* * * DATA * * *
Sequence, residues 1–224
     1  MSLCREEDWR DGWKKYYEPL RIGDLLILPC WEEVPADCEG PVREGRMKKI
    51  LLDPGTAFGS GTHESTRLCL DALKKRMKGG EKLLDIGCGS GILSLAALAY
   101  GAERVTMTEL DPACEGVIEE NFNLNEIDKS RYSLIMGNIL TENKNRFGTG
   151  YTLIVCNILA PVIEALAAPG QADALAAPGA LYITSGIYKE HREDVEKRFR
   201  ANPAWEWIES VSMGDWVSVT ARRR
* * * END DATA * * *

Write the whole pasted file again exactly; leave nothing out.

Sequence, residues 1–224
     1  MSLCREEDWR DGWKKYYEPL RIGDLLILPC WEEVPADCEG PVREGRMKKI
    51  LLDPGTAFGS GTHESTRLCL DALKKRMKGG EKLLDIGCGS GILSLAALAY
   101  GAERVTMTEL DPACEGVIEE NFNLNEIDKS RYSLIMGNIL TENKNRFGTG
   151  YTLIVCNILA PVIEALAAPG QADALAAPGA LYITSGIYKE HREDVEKRFR
   201  ANPAWEWIES VSMGDWVSVT ARRR